Betsayda Machado is one of a kind. A parrandera queen and notional leader here of Parranda el Clavo on the album Loe Loa (Rural Recordings Under the Mango Tree), Betsayda Machado is a singer like no other. Few – very few – Afro-centric cultures survive in such pristine grandeur, despite Spanish and Portuguese colonisation (or perhaps because of the colonists) in South America. And there are few, that is, like the cumbes of El Clavo, a village hidden in the brush of the Barlovento region of Venezuela. The artists who celebrate everything from the rising of the sun to local weddings, births and deaths are called parranderos, after the parranda a pure, volcanic form of the African polyrhythms melded in with uniquely locally inspired poetry sung in Spanish and danced to with singular vigour.
Miss Machado’s deep, seductive powerful contralto voice finds earthy expression in the heraldic and celebratory music of the men and women vocalists and percussionists in this short, but highly significant disc. Produced in the village she comes from these field recordings are excellent in quality. The music is a testament to age-old village traditions remarkably preserved without the external influence of western instruments – whether acoustically natural or amplified. Each song is performed by a lead voice with one or many voices responding to melodic vocal lines and chants. This is the as close to pure, unvarnished field chants and call-and-response vocal lines that always end in ebullient community singing. The community spirit experienced here is the oldest purest most joyous example of human interaction.
Judging by the photographic collage on the inside of the inlay folder, The recording event must have been an explosive one and it is heart-warming to recognise a production team comprising members from so-called advanced cities in other parts of the world could this happen in a manner that would preserve the authenticity of the people of this Barlovento village. It is a glowing gem of a recording, important for the ethnomusicologist as well as a listener who simply wants to experience the effervescence of a village in rural Venezuela that will challenge conventional ideas about what really constitutes that part of the world we call civilised.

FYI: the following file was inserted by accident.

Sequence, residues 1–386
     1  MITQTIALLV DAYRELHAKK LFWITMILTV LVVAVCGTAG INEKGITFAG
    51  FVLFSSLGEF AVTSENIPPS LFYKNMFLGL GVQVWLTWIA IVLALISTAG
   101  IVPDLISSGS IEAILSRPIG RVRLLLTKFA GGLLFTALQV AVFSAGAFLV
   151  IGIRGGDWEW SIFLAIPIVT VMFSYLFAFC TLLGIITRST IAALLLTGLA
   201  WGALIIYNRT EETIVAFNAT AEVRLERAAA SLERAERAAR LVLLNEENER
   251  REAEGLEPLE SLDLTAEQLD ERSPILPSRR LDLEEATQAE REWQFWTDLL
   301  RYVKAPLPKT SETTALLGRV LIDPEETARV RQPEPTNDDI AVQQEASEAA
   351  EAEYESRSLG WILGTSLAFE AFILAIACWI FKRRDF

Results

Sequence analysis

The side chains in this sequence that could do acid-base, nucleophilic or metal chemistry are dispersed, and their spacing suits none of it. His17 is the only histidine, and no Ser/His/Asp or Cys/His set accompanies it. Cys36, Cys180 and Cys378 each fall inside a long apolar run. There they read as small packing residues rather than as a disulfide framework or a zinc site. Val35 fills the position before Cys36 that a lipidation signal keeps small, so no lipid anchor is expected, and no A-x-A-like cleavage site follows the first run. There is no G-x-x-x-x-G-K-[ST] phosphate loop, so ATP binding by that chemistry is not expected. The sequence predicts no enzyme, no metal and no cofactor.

Track list – 1: Oh, Santa Rosa; 2: Pueblo de Fiesta; 3: No la peles, papá; 4: La Situación; 5: Borracho de Aguardiente; 6: Gaviota; 7: Merengada E’ Ron; 8: Alaé Alaó; 9: Sentimiento; 10: Barlovento Es
Personnel – Betsayda Machado: vocals and coro, with Oscar ‘Sonero’ Ruiz, Adrián ‘Ote’ Gomez, Freddy Neito, Machado, Ely Castillo, Nereida Machado, Maholy Martinez, Imalay Abello, Leticia Machado, Erbanis Monges, Merlin Alvorado, Yamelis Muria, Yousimar Cardozo, Yelitza Caripe, Maria Nuñez, Wilman Landáez, Larry Peña; and Asterio Betancourt: percussion, with Youse Cardozo, Blanca Rosa Castillo, Domingo Cartagena, Aldo Suárez, Eliardo Echenique, Cleibert ‘Robinson’, Yani Garcia, Eduardo Garcia, Nelson Gomez, Yousmar Cardozo, Jose Yeneramoto
Released – 2017
Label – Odelia Records
Runtime – 34:10
Betsayda Machado and her parranderos performing on a visit to Canada